News Story

Your Tax Return Fundraises For These Nonprofits

'Politics and lobbying' influence who gets the privilege

Determining which nonprofits will be granted the privilege of collecting contributions through the Michigan income tax return and its checkoff options is up to the Legislature. The number of nonprofits that can take advantage of this high-visibility placement is limited by law, and right now there are six candidates for two openings. The checkoff boxes allow taxpayers to contribute tax refund money to a designated grant program or organization.

The openings were created when two checkoffs failed to yield the $50,000 threshold last tax season. (One was for the Girl Scouts of Michigan; a second one covers expenses related to Amber Alerts.) By law, only 10 at a time are allowed, and those that collect less than $50,000 two years in a row get dropped.

“We talked about just getting rid of it [the checkoff list] altogether,” said Rep. Jeff Farrington, R-Utica, who sponsored the bill that eventually became the current law governing the practice, Public Act 151 of 2012. “My concern was that, if we were going to keep doing it, there ought to be some kind of process involved. In the end, we decided to keep the list and adopt new guidelines for how it would operate.”

“The governor said he was willing to allow up to ten charities on the list and so that’s the limit we put in the bill,” Farrington continued. “Under the new law, charities don’t get added to the list arbitrarily. There are requirements and if they don’t meet those requirements they won’t be on the list.”

Leon Drolet, chair of the Michigan Taxpayers Alliance, said his opinion on the checkoff list has changed over the years. Drolet was a state representative from 2001 to 2006.

“When I was in the Legislature my position was that any taxpayer dollar that could be sent somewhere other than to government coffers was a plus. So I wasn’t necessarily opposed to having the list.” Drolet said. “But since then I’ve sort of come over to the view, expressed by the Mackinac Center and others, that government shouldn’t be in the business of creating advantages limited to just certain entities — and that includes charities.”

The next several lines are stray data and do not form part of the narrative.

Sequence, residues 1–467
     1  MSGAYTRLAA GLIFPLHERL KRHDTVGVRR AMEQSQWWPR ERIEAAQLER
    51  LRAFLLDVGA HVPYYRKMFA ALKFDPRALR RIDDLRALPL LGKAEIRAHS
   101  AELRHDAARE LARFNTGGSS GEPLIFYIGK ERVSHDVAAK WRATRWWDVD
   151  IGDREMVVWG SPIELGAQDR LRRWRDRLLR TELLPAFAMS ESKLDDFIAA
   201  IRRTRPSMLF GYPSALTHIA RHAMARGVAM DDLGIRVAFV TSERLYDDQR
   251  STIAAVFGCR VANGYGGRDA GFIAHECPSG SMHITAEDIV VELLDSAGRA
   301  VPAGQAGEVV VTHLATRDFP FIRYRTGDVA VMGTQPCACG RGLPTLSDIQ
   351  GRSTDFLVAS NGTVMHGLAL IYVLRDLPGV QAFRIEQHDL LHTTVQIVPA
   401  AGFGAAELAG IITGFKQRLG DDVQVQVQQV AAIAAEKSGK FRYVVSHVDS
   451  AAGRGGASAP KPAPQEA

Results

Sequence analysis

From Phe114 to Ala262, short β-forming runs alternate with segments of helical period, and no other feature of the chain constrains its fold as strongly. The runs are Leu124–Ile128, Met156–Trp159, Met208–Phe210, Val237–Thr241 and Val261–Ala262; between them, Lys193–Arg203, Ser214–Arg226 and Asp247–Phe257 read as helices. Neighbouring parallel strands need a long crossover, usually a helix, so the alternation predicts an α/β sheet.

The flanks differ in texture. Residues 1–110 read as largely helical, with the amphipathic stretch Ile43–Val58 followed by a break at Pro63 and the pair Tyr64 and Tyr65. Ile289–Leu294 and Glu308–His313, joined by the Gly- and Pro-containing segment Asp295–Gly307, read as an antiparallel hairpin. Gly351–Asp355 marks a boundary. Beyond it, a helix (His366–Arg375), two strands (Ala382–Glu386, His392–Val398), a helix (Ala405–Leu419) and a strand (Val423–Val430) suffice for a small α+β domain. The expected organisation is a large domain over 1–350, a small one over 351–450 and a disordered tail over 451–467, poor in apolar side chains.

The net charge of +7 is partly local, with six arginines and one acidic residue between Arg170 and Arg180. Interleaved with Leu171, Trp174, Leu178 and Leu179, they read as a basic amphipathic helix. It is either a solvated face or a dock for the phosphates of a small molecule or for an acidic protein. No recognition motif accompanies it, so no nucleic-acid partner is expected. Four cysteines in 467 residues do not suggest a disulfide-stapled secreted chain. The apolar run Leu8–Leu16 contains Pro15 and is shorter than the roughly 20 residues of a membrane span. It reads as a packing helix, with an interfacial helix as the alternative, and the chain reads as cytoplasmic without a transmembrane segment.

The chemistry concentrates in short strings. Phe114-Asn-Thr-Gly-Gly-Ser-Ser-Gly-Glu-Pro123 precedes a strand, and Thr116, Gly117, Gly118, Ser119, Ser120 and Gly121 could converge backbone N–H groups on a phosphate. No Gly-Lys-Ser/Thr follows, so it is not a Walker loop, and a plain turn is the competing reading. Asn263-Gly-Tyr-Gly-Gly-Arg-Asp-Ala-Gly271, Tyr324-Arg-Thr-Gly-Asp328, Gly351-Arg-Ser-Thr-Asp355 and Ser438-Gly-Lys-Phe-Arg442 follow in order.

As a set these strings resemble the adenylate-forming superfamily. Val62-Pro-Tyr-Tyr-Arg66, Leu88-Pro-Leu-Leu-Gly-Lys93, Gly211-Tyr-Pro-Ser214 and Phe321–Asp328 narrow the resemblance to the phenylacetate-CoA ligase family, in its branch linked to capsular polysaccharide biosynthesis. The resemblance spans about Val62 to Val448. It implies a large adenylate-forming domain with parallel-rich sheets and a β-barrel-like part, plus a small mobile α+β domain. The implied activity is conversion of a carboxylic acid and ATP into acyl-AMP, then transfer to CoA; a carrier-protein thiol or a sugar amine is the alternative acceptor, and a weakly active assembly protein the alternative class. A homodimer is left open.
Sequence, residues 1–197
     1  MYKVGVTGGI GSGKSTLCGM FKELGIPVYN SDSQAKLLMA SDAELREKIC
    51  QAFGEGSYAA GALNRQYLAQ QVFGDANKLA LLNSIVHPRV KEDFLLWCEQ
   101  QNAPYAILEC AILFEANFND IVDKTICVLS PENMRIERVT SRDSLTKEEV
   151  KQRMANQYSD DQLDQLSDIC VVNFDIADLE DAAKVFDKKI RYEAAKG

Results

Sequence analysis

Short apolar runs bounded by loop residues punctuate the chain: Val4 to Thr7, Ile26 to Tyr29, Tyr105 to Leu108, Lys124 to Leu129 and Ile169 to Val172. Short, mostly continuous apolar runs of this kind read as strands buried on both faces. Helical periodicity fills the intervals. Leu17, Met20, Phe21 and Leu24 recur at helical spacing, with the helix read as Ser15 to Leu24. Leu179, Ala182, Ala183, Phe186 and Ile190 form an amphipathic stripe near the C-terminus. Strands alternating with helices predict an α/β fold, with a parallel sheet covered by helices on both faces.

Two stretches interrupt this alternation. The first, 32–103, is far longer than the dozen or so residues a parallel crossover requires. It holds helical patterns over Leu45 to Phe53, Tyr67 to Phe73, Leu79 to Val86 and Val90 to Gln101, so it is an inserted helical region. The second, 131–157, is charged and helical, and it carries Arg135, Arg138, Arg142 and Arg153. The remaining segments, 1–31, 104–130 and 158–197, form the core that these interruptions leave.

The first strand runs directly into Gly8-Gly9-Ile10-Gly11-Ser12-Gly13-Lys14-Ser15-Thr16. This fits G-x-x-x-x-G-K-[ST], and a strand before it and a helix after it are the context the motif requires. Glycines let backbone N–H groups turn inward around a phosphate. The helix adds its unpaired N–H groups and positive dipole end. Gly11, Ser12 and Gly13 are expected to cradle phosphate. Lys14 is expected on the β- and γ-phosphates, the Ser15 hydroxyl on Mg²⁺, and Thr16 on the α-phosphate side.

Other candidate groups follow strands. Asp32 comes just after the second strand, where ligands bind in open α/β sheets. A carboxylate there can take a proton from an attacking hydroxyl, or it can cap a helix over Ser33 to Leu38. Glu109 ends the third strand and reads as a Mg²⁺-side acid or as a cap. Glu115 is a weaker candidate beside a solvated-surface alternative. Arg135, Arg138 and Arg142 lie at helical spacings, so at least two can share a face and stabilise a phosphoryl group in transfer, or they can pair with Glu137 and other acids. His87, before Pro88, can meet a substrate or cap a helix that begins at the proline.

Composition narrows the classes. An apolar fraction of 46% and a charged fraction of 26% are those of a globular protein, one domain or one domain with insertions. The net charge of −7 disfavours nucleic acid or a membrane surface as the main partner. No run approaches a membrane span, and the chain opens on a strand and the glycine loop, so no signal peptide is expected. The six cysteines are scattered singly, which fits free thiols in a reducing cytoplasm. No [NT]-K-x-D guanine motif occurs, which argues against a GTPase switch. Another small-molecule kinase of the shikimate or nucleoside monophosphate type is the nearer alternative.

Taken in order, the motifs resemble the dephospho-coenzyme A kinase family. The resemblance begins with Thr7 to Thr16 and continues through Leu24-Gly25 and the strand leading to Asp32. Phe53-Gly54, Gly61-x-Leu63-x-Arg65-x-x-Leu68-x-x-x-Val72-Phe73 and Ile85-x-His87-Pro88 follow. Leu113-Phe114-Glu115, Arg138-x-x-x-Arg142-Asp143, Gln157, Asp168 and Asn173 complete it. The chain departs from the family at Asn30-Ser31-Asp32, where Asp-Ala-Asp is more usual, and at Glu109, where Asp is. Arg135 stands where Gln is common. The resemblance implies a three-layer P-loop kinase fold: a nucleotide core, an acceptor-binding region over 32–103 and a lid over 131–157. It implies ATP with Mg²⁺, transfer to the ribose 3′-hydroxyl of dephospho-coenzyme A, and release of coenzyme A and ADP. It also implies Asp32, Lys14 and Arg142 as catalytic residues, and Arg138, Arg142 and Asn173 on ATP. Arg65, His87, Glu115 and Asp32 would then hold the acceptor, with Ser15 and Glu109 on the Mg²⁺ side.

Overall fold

“It sounds like the new law, to an extent, mitigates some of my objections to the checkoff list,” Drolet continued. “It seems to be an improvement over the way things were done when I was in the legislature. But you can bet that politics and lobbying will still play a major role in which charities get placed on the list. It’s too bad but it really seems like we’re increasingly becoming a society in which less energy and effort is directed toward making sure we’re providing value while more and more is directed toward lobbying.”

One possible change would be to put a blank box on the tax form and allow taxpayers to write in a charity of their choice. But Farrington dismissed that possibility as unworkable.

“That would create a lot of administration problems for the Department of Treasury,” he said. “There are literally thousands of charities; for instance, there are numerous ones just within the Girls Scouts organization. That’s why one of our requirements for the charities on the list is that they have only one specified address for Treasury to use.”

Drolet said he hasn’t given much thought to a blank box approach but he believes there could be intriguing ways to expand upon on the checkoff list.

“Whether it would be practical or not, I think we can be pretty sure that nobody’s lobbying for the blank box,” Drolet said. “But if we’re going to have a checkoff list, how about one where taxpayers could checkoff the government programs they want their tax dollars to go toward? That would be the kind of checkoff list I’d be interested in seeing.”

There are four charities and four government grant programs that will stay for now on the checkoff list. The charities are United Way of Michigan, the Alzheimer's Association of Michigan, ALS of Michigan (Lou Gehrig's disease), and an organization that promotes Special Olympics programs. The four state grant programs are ones that help needy veterans and their families, fund child abuse prevention activities, provide college tuition subsidies for veterans and their children, and promote dog and cat sterilization and adoption.

Lawmakers have to decide by mid-September which two additional charities or grant program checkoffs should be on next year’s tax forms. At this point, six possible replacements are represented in separate bills currently before the Legislature: American Red Cross of Michigan, the Boy Scouts of Michigan, a foundation that supports education opportunities for foster children, Junior Achievement, a prostate cancer screening and awareness group, and the Lions Clubs.

Michigan Capitol Confidential is the news source produced by the Mackinac Center for Public Policy. Michigan Capitol Confidential reports with a free-market news perspective.